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Surface treatment of silica nanoparticles for stable and charge-controlled colloidal silica.

Kim KM, Kim HM, Lee WJ, Lee CW, Kim TI, Lee JK, Jeong J, Paek SM, Oh JM - Int J Nanomedicine (2014)

Bottom Line: Amino acid coatings resulted in relatively stable silica colloids with a modified surface charge.The time dependent change in L-arginine coated colloidal silica was investigated by measuring the pattern of the backscattered light in a Turbiscan™.The results indicated that both the 20 nm and 100 nm L-arginine coated silica samples were fairly stable in terms of colloidal homogeneity, showing only slight coalescence and sedimentation.

View Article: PubMed Central - PubMed

Affiliation: Department of Chemistry and Medical Chemistry, College of Science and Technology, Yonsei University, Gangwon-do, Republic of Korea.

ABSTRACT
An attempt was made to control the surface charge of colloidal silica nanoparticles with 20 nm and 100 nm diameters. Untreated silica nanoparticles were determined to be highly negatively charged and have stable hydrodynamic sizes in a wide pH range. To change the surface to a positively charged form, various coating agents, such as amine containing molecules, multivalent metal cation, or amino acids, were used to treat the colloidal silica nanoparticles. Molecules with chelating amine sites were determined to have high affinity with the silica surface to make agglomerations or gel-like networks. Amino acid coatings resulted in relatively stable silica colloids with a modified surface charge. Three amino acid moiety coatings (L-serine, L-histidine, and L-arginine) exhibited surface charge modifying efficacy of L-histidine > L-arginine > L-serine and hydrodynamic size preservation efficacy of L-serine > L-arginine > L-histidine. The time dependent change in L-arginine coated colloidal silica was investigated by measuring the pattern of the backscattered light in a Turbiscan™. The results indicated that both the 20 nm and 100 nm L-arginine coated silica samples were fairly stable in terms of colloidal homogeneity, showing only slight coalescence and sedimentation.

No MeSH data available.


Chemical formula and positively charged groups of various coating reagents.Note: EUDRAGIT® E-100, Evonik Industries, Essen, Germany.Abbreviations: APTES, 3-aminopropyltriethoxysilane; EDA, ethylenediamine; TAEA, tris(2-aminoethyl)amine.
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f2-ijn-9-029: Chemical formula and positively charged groups of various coating reagents.Note: EUDRAGIT® E-100, Evonik Industries, Essen, Germany.Abbreviations: APTES, 3-aminopropyltriethoxysilane; EDA, ethylenediamine; TAEA, tris(2-aminoethyl)amine.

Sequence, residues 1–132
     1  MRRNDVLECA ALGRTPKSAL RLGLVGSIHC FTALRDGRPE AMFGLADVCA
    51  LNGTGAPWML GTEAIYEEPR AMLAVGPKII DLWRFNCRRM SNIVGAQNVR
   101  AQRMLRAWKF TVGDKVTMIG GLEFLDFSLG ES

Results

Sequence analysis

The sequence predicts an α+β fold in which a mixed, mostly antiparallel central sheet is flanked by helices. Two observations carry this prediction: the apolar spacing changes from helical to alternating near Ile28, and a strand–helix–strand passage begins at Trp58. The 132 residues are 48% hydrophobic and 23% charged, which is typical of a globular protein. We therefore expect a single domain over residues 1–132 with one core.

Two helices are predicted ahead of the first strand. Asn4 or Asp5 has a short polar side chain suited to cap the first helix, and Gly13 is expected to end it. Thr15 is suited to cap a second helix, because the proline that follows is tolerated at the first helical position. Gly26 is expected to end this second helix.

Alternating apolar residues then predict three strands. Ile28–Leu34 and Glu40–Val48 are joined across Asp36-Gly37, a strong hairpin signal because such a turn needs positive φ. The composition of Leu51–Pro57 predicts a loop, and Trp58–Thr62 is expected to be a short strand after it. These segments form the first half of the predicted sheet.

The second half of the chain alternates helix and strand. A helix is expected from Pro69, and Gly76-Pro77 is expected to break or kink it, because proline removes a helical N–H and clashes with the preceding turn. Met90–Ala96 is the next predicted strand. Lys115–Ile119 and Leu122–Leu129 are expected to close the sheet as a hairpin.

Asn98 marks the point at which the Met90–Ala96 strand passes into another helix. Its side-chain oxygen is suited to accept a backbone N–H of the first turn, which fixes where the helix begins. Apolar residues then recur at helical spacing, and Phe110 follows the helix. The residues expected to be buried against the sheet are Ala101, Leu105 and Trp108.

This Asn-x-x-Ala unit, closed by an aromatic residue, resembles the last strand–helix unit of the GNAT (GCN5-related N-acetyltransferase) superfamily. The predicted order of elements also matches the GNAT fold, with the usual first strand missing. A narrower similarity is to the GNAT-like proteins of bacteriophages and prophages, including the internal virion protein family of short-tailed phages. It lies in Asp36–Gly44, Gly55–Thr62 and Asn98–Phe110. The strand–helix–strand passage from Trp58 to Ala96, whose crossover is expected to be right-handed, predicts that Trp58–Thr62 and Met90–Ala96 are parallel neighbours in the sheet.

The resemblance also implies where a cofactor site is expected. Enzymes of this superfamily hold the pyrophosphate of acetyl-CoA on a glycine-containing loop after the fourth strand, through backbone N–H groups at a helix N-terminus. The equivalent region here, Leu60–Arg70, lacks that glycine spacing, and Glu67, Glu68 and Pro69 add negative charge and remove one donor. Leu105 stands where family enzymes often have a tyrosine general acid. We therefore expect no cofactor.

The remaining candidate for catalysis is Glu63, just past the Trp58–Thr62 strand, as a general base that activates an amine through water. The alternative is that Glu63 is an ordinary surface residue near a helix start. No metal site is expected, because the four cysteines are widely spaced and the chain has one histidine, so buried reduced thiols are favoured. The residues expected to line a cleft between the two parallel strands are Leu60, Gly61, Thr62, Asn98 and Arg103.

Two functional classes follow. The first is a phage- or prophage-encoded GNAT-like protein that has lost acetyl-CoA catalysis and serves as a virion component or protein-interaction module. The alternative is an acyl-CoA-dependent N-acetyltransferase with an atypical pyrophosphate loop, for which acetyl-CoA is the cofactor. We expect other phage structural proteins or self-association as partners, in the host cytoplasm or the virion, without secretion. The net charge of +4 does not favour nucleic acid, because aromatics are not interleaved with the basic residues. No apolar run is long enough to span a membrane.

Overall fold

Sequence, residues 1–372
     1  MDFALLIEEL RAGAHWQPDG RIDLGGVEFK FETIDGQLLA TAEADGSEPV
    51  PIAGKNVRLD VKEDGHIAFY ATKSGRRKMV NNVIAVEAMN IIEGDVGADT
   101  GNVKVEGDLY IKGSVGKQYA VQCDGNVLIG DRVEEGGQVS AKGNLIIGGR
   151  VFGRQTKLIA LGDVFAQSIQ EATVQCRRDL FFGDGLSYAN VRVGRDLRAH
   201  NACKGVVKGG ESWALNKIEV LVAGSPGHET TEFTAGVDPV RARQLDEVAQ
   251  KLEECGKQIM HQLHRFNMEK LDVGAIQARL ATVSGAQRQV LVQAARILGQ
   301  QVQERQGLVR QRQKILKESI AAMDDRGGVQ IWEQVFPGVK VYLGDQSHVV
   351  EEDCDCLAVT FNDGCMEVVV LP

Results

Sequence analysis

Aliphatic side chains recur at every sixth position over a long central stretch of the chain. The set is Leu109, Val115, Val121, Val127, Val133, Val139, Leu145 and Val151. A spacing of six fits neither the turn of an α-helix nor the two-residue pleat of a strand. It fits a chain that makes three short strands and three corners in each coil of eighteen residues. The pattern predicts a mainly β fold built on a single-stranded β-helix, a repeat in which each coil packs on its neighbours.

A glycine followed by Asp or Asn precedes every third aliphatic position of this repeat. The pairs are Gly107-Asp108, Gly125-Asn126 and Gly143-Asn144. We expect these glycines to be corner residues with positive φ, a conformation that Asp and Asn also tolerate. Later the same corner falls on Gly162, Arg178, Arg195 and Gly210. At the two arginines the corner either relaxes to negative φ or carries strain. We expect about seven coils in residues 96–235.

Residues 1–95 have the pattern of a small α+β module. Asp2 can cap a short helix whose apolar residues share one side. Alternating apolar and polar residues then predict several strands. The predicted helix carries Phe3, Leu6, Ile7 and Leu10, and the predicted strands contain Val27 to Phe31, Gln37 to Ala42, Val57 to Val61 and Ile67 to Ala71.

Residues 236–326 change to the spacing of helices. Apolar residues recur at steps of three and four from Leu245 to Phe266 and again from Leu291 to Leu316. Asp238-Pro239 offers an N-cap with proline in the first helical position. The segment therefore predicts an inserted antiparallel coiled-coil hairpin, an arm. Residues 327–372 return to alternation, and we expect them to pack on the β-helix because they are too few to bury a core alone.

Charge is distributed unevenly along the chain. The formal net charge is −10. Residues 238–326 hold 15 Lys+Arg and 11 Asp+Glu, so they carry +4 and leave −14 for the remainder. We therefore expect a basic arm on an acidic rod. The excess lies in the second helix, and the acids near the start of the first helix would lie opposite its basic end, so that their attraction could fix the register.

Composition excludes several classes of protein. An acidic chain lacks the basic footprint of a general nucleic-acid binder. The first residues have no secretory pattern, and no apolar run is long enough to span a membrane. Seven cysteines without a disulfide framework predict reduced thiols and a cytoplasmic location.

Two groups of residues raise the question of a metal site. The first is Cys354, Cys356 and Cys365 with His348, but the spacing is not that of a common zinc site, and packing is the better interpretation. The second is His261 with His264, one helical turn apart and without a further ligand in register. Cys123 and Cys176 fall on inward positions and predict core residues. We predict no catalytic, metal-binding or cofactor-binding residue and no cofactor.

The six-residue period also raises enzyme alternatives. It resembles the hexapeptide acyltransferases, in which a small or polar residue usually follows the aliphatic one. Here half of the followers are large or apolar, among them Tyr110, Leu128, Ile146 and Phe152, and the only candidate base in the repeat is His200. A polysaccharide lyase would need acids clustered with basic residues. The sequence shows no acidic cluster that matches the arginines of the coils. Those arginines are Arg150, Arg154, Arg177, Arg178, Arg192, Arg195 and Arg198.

Mentions: To modify the surface charge of colloidal silica while maintaining particle size, coating experiments with various molecules were conducted (Figure 2), using established methodologies.26,33 Four different categories of coating reagents were utilized: amine containing molecules, multivalent metal cation, cationic polymers, and basic amino acids. All the coating agents had cationic centers to modify the highly negative surface charge of the silica nanoparticles. For the first step, the formation of gels that attributed to the strong interaction between the nanoparticles and the coating reagents were examined as the gelation indicated that the colloid had lost its stability.20 The results are summarized in Table 1. The degree of gelation was evaluated as the time required for complete gel formation after the addition of the coating agent to the colloidal silica while stirring. We determined that there was gelation when the inner substance of the colloid did not flow upon turning the container upside down. EDA, a divalent amine chelate, showed concentration dependent gelation upon mixing with colloidal silica, exhibiting immediate gelation in a high EDA concentration. TAEA, a tetravalent amine chelate, resulted in relatively rapid gelation compared with EDA, resulting in an immediate gelation even at a very low concentration (0.03 wt/v%). The APTES reagent, which together had an amine and silane moiety, also resulted in gelation within 2 hours. The gelation of colloidal silica was more accelerated with the multivalent metal cation Al3+, showing immediate gelation at a very low concentration (0.01 wt/v%). EUDRAGIT® E-100, a methacrylate based copolymer generally utilized for medical purposes, also showed gradual gelation when mixed with colloidal silica. Basic amino acids like L-ser, L-his, and L-arg also showed gelation according to increasing concentrations of silica and amino acids. Optimal conditions for amino acid coating were found by adjusting the concentrations and reaction ratios and observing the degree or absence of coagulation over a 48 hour period. The 3–10 wt/v% colloidal silica samples maintained their sol-like colloidal states with the addition of 0.3–1.0 wt/v% amino acids. The result shown in Table 1 is for SiO2EN20(−), but a similar gelation pattern was obtained with SiO2EN100(−).